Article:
So rich and manifold were the gifts with which the Church of God then went forth to draw the Gentile world unto her as it were by her beauty, miraculously adorned “in a vesture of gold wrought about with divers colours,” and saying, “Hearken and consider, incline thine ear; forget also thine own people and thy father’s house.” But, although so many and various were these manifestations, yet, adds St. Paul, all these worketh that one and the self-same Spirit, dividing to every man severally as He will.

What, then, does this Epistle teach us of the present day? for it speaks of a state of things which does not now at all exist; there are now no supernatural signs which mark believers from unbelievers. It used to he connected with the Gospel of the parable of the Pharisee and Publican praying together in the same temple, and one despising the other. [Note: Williams is assuming the Roman Missal is correct, but in fact it was the Roman Missal that shifted all of the Epistles off by one Sunday when they added a Gospel early in the season.  The Sarum Missal (and BCP) preserved the original Gospels and Epistles from the Lectionary of St. Jerome (see the first section of this paper for further information).]  But as it now occurs with us in our Epistle for to-day, it seems to contain this general lesson, that we are all of us at all times in a state of probation and trial; that even in the early Church, warm with her first love, when miraculous gifts were poured upon its members, these very gifts themselves became a source of temptation, and served as a means of trying their love to God. Some were puffed up by the possession of them and despised others; some misused them; to others they became subjects of envy because they had them not; others confused them with the powers of possession showed by evil spirits. All these things the Apostle here writes to correct, and shows that they were only given for the purpose of edification, and ought in no way to be the causes of strife and selfishness; for they were but different manifestations of one and the same Spirit, dividing to every one as appears good to Him, precisely as different members of the body have different powers and offices.

It is true we have not now these miraculous powers to profit by or abuse,—nothing of this kind to separate one in pride and envy from another. Yet never has been a time when Christians have thought so much of themselves, as if separate and set apart from others; of their own gifts of spirit, of mind or body, of nature or fortune, and so little of that one great Body to Which they belong; and the reason of this has been because love waxes cold. How often may the Apostle’s words occur to us with respect to all those differences of gifts and diversities of office in which we are placed to serve God; all these, what are they?  “All these worketh that one and the self-same Spirit, dividing to every man severally as He will.”  Take, for instance, outward station,—we call it station in the world out it is not really so with Christians,—it is outward position in the Church of God. Why is one rich and another poor, with all the numerous inequalities in condition? the answer and explanation is here given; it is merely such as is given to each to “profit withal,”—that is, such as may serve by God’s blessing for the spiritual benefit of himself and others. It is, indeed, too often the case, that riches are the destruction of the rich man, and poverty of the poor man; but the very contrary to this is intended by the all-wise Disposer of our lives, “dividing to every man severally as He will.” There are differences and diversities innumerable, but it is by the same Spirit and for the same Lord. And the destruction of soul arising in these cases, is in great measure from this,—that each is wont to look on these things, not as ways of God and talents of His, to be used by us for His honour, but as if they were things of our own; if lent to us we are proud of them, and so misuse and abuse them; if lent to another, we are envious and discontented at the sight, and covet the same for ourselves. So is it with learning and reputation, and other such diversities between man and man. So is it with means and powers of usefulness in the Church. Whereas to be high-minded from having them, to desire them for their own sakes, is to forget God and our own awful stewardship. They are given to each “to profit withal,” and for no other purpose. Heathen idols were many; and the evil spirits were many that led to their worship; and many their vices, all leading to selfishness and hatred. But in the Church of God, that is, among Christians, all distinctions are nothing else but the different callings of the one Spirit, by which they are in love to serve one another and to serve God; or different powers given to different members for the benefit of each other, as all parts of that one Body, Which is Christ. Now the effect of these two ways of looking on things, whether as in ourselves and by ourselves, or only as members one of another, is as opposite as light and darkness. So far as we consider the gifts of God as something of our own, we are exalted in our own eyes; so far as we consider them as parts of a stewardship for which we are accountable, we must be more and more humbled under a sense of them.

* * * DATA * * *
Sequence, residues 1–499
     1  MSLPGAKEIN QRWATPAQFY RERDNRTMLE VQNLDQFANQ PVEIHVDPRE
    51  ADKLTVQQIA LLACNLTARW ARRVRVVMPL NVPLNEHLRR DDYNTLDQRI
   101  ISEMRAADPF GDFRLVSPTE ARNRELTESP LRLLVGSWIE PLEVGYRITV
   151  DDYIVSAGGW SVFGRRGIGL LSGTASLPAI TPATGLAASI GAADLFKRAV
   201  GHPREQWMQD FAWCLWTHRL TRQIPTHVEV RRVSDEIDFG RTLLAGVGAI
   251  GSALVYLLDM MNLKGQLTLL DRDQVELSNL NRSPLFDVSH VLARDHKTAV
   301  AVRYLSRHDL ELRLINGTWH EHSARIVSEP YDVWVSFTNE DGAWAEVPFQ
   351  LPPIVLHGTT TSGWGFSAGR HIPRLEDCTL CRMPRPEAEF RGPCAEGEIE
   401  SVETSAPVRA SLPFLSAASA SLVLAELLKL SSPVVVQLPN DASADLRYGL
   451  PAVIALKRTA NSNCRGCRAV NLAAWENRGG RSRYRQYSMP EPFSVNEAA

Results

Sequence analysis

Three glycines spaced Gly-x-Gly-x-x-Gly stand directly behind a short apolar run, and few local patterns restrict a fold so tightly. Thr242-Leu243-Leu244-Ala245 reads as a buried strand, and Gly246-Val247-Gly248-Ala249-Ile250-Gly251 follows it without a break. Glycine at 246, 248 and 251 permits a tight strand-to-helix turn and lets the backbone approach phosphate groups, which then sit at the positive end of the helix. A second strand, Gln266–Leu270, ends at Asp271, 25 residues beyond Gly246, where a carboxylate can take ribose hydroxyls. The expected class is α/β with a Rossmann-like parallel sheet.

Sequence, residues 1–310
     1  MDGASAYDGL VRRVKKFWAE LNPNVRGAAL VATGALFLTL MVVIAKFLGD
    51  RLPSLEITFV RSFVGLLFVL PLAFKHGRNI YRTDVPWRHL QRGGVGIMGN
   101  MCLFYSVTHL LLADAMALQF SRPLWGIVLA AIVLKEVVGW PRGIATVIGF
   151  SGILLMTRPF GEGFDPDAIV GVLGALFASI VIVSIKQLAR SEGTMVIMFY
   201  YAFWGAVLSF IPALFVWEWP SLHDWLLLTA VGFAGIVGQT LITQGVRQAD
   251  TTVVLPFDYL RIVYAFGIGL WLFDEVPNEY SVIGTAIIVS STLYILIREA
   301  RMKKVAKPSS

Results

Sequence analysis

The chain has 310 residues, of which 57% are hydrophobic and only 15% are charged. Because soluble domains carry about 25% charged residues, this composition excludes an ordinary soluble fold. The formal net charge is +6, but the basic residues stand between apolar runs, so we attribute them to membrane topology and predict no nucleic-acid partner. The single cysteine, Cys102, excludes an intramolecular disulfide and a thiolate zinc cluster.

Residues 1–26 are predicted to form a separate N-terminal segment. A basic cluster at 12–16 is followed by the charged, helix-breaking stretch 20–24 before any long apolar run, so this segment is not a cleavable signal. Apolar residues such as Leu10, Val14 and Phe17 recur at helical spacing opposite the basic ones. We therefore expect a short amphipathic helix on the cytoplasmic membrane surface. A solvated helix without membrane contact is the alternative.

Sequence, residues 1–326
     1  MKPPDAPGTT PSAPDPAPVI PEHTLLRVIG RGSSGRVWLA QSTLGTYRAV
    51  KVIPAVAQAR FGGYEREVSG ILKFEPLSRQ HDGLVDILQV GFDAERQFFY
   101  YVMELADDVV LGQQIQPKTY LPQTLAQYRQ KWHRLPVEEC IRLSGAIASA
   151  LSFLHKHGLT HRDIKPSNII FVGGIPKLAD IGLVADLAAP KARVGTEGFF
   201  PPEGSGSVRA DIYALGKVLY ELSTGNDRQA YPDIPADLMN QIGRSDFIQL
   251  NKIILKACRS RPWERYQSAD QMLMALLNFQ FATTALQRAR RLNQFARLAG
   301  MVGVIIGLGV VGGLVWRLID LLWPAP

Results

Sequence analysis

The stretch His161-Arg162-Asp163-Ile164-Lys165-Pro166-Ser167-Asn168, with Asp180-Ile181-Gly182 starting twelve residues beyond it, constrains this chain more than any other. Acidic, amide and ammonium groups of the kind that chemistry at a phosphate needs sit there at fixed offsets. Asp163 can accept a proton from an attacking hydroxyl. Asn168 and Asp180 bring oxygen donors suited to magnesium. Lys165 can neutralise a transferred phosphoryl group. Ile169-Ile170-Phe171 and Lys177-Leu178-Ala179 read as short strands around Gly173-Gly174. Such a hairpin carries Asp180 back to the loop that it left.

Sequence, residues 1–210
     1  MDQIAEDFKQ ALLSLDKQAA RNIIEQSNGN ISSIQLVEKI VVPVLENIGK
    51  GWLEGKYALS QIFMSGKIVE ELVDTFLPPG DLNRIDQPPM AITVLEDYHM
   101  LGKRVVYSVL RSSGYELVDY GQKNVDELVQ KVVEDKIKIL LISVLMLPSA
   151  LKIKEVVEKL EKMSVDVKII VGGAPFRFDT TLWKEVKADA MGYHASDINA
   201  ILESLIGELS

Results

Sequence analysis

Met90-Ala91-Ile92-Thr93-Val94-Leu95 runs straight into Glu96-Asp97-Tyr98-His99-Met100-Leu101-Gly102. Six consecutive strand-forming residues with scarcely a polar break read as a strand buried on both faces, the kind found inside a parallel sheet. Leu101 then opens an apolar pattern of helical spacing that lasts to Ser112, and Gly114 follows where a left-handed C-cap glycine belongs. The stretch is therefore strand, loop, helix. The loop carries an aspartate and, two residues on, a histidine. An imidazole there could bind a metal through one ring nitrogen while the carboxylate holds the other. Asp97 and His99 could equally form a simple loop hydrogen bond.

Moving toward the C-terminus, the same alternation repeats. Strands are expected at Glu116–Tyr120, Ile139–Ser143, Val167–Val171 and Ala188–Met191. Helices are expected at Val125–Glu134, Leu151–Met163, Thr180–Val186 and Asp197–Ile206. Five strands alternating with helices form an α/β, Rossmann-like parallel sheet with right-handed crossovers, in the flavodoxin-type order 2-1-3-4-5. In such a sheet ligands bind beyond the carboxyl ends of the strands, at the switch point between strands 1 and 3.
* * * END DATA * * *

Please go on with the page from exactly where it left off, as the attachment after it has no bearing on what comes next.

This, then, is to us the day in which we have been called by the Householder to work in His vineyard,—the day of our visitation, our accepted time, and the season of grace.

                                   .... (for the second part, on the Gospel.)